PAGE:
The classic formula for secure backups is the 3-2-1 Rule, according to which, all vital documents and data should be kept in triplicate: the original, a local backup stored onsite, and a redundant backup stored offsite. That’s where the cloud comes in. It provides an easy, affordable, safe, and accessible solution for storing that critical third copy. That way, should the worst occur and your business’s own servers are compromised or even destroyed, the cloud backup will be unaffected.
There are many reasons why small businesses benefit from utilizing a cloud-based backup solution. Here are seven areas where it can provide a strategic advantage and enhance security:
When you contract with any reputable cloud storage provider (and there are a number of good options) encryption comes standard. That means even if the cloud provider’s own servers are compromised your data is safe and will be useless to any unauthorized users that attempt to read it.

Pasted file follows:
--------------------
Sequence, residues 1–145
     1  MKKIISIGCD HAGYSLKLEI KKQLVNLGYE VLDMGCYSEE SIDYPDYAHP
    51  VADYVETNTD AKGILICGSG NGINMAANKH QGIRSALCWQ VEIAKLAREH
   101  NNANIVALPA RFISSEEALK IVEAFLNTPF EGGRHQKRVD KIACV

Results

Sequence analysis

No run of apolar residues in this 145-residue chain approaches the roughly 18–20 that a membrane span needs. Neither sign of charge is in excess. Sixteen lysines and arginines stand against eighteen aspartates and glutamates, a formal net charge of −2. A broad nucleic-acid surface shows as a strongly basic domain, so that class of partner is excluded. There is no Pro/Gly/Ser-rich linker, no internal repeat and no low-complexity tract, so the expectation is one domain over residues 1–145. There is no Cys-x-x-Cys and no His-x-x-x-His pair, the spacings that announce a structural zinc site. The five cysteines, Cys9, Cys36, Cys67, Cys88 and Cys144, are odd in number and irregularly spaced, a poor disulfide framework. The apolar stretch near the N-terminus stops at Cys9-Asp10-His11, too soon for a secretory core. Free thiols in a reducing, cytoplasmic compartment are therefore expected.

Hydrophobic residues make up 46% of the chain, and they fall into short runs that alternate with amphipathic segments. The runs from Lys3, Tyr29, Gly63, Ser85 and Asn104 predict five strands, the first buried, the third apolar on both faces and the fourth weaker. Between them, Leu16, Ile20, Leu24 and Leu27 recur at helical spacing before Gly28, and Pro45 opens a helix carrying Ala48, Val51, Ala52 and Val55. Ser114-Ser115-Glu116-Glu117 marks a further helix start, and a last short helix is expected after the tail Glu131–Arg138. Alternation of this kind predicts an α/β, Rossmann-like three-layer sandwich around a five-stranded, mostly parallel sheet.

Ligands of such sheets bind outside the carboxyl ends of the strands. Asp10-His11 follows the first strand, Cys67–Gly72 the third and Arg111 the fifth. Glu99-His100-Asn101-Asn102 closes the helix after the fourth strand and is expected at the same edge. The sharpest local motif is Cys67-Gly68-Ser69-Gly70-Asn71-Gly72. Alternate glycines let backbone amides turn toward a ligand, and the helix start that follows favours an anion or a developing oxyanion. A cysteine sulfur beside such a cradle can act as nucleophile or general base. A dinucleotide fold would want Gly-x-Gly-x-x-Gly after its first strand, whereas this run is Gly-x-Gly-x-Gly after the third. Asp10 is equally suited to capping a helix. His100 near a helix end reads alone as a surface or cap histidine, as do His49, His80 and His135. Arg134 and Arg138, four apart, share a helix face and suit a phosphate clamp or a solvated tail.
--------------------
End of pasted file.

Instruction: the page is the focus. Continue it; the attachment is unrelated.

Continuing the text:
Furthermore, ransomware, malware, and viruses all affect data in a way that spreads across a network. A small business with two offices that are connected by a VPN isn’t actually achieving the security benefit of multi-location backups because both its locations are connected and ransomware can spread throughout them as if they are one place.
2. Physical Protection
Not every threat to data originates online. Fires, floods, earthquakes, onsite thefts, and other physical harm can also befall your equipment. Cloud data centers are built to a standard that virtually no small business can match, including buildings designed to withstand category 5 hurricanes, halon fire suppression systems, and even armed guards to deter intruders.
Your backups are only as good as your access to them. If something prevents you from entering your own facilities where onsite backups are stored, you’ll be unable to initiate a recovery program. Cloud backups, by contrast, are available 24/7/365 from literally anywhere you can get an internet connection.